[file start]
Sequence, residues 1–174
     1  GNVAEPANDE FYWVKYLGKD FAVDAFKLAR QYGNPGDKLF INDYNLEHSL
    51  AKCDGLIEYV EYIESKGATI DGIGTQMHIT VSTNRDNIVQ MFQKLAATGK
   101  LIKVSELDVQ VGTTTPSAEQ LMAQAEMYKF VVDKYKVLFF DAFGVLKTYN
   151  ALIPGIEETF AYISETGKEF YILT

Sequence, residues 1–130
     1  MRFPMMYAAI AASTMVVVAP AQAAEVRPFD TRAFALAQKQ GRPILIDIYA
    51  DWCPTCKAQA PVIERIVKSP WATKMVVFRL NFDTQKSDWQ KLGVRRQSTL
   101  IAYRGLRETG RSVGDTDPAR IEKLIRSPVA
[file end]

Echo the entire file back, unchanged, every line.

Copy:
Sequence, residues 1–174
     1  GNVAEPANDE FYWVKYLGKD FAVDAFKLAR QYGNPGDKLF INDYNLEHSL
    51  AKCDGLIEYV EYIESKGATI DGIGTQMHIT VSTNRDNIVQ MFQKLAATGK
   101  LIKVSELDVQ VGTTTPSAEQ LMAQAEMYKF VVDKYKVLFF DAFGVLKTYN
   151  ALIPGIEETF AYISETGKEF YILT

Sequence, residues 1–130
     1  MRFPMMYAAI AASTMVVVAP AQAAEVRPFD TRAFALAQKQ GRPILIDIYA
    51  DWCPTCKAQA PVIERIVKSP WATKMVVFRL NFDTQKSDWQ KLGVRRQSTL
   101  IAYRGLRETG RSVGDTDPAR IEKLIRSPVA